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Despite initially saying no service members were hurt, Captain Bill Urban, spokesman for U.S. Central Command confirmed it Thursday.
The United States Army confirmed Thursday that it treated 11 of its troops for symptoms of concussion after Iran’s Jan. 8 missile attack targeted Ain al-Assad and Erbil airbases where U.S. forces were stationed.
Despite initially saying no service members were hurt, Captain Bill Urban, spokesman for U.S. Central Command, said in a statement “while no US service members were killed in the Jan. 8 Iranian attacks on the al-Asad airbase, several were treated for concussion symptoms from the blast and are still being assessed.”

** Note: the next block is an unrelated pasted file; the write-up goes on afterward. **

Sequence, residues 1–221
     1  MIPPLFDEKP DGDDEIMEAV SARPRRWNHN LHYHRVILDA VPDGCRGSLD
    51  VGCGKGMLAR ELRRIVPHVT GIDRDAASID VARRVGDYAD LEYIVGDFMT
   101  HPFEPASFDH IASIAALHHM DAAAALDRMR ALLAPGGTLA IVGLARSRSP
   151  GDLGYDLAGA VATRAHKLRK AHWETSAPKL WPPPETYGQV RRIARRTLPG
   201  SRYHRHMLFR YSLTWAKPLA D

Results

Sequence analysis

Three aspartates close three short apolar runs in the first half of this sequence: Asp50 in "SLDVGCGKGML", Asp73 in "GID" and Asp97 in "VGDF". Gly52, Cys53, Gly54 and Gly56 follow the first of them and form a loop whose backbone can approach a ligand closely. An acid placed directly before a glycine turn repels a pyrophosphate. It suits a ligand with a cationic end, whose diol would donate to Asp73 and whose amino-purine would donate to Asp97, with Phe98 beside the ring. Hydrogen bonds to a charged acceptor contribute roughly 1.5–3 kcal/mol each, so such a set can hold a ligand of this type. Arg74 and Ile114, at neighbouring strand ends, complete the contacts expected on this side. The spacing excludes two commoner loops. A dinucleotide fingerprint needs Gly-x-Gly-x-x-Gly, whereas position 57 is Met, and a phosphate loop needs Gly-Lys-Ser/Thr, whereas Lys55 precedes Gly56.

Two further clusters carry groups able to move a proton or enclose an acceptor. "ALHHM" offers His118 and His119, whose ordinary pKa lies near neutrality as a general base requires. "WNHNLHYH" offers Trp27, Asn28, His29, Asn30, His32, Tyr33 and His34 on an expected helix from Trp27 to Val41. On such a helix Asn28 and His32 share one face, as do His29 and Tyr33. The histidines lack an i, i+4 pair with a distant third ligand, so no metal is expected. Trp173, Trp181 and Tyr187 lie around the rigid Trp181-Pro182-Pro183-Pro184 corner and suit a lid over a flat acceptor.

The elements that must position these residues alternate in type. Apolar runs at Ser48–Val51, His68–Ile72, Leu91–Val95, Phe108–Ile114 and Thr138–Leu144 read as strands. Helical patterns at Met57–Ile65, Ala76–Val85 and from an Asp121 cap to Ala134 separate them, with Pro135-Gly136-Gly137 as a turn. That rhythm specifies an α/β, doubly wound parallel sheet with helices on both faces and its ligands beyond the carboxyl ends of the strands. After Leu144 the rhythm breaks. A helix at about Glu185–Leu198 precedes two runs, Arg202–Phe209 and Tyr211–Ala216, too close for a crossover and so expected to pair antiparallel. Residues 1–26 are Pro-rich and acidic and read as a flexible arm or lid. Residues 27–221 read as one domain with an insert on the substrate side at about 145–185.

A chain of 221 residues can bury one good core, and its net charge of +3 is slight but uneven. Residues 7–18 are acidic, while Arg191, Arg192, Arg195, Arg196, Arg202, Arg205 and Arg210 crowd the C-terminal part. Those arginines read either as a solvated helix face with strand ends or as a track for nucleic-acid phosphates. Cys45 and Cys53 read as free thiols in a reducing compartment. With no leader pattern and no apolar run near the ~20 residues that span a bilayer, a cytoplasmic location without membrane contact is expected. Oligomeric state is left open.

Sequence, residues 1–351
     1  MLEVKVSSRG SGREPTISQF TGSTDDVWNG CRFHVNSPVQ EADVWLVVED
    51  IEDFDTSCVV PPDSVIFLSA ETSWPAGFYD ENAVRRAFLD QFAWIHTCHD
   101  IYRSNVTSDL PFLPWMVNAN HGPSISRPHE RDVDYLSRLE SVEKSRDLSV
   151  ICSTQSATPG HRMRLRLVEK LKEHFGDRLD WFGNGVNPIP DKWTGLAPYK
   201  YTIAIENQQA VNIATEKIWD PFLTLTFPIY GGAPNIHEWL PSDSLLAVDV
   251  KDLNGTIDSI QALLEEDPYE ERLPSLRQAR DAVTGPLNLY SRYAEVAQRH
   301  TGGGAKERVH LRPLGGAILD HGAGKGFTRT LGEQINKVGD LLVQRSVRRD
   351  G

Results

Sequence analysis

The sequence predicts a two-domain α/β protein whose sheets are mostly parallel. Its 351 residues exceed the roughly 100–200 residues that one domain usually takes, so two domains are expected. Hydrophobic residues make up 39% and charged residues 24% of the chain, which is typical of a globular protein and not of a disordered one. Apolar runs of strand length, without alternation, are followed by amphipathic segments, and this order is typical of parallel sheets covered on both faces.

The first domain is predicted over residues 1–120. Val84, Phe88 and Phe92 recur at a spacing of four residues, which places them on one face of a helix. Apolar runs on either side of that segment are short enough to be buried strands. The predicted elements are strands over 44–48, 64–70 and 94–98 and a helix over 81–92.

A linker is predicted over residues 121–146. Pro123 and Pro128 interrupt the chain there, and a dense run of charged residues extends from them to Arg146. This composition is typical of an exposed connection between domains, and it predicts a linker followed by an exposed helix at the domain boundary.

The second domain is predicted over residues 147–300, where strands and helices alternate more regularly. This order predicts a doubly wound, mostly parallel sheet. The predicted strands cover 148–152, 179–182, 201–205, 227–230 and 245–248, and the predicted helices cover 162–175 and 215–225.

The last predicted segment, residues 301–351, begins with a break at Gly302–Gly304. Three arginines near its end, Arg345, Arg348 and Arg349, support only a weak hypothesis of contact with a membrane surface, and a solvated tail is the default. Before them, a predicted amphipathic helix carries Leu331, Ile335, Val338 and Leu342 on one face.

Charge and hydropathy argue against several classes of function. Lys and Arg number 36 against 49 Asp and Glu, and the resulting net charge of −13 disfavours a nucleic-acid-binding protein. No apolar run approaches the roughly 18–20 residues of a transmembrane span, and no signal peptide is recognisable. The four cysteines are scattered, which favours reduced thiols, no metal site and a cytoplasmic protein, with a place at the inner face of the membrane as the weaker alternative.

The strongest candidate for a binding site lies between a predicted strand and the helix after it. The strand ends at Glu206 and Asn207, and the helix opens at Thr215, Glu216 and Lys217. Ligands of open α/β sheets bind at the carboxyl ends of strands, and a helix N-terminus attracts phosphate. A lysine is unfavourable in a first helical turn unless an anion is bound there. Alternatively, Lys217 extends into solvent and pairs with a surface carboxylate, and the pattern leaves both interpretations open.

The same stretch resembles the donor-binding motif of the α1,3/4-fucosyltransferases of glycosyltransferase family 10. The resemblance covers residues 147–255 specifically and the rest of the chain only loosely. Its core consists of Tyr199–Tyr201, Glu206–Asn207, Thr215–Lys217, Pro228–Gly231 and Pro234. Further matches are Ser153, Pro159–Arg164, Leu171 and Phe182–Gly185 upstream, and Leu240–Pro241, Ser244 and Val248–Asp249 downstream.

The Pentagon said on Friday there had been no effort to play down or delay the release of information on injured personnel.
Iran's Revolutionary Guards launched a surface-to-surface ballistic missile attack on the Iraqi Ain al-Assad and Erbil airbases as a response to the U.S. killing of Iranian Major-General Qassem Soleimani on Jan. 3
After the strikes, Iran’s Minister of Foreign Affairs Javad Zarif explained that these were "proportionate and concluded measures in self-defense under Article 51 of U.N. Charter," adding that the country "does not seek escalation nor war, but will defend ourselves against any aggression."
Zarif also confirmed that his country notified Iraqi authorities of the attack on U.S. bases, resulting in no casualties on the Iraqi side.
"Iran has notified the Iraqi Government and the armed forces of the measures taken last night," the Foreign Minister statement said.
At the time of the attack, most of the 1,500 US soldiers at the base had bunkered down, after Iran had warned Iraqi officials, according to Iraq’s prime minister.